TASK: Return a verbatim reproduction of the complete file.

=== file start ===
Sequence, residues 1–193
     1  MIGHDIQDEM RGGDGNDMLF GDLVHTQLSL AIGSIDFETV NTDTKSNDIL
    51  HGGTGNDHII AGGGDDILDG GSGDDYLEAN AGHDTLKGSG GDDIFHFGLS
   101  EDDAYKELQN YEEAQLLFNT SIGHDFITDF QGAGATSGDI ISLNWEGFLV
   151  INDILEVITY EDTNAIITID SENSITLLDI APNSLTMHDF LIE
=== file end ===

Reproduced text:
Sequence, residues 1–193
     1  MIGHDIQDEM RGGDGNDMLF GDLVHTQLSL AIGSIDFETV NTDTKSNDIL
    51  HGGTGNDHII AGGGDDILDG GSGDDYLEAN AGHDTLKGSG GDDIFHFGLS
   101  EDDAYKELQN YEEAQLLFNT SIGHDFITDF QGAGATSGDI ISLNWEGFLV
   151  INDILEVITY EDTNAIITID SENSITLLDI APNSLTMHDF LIE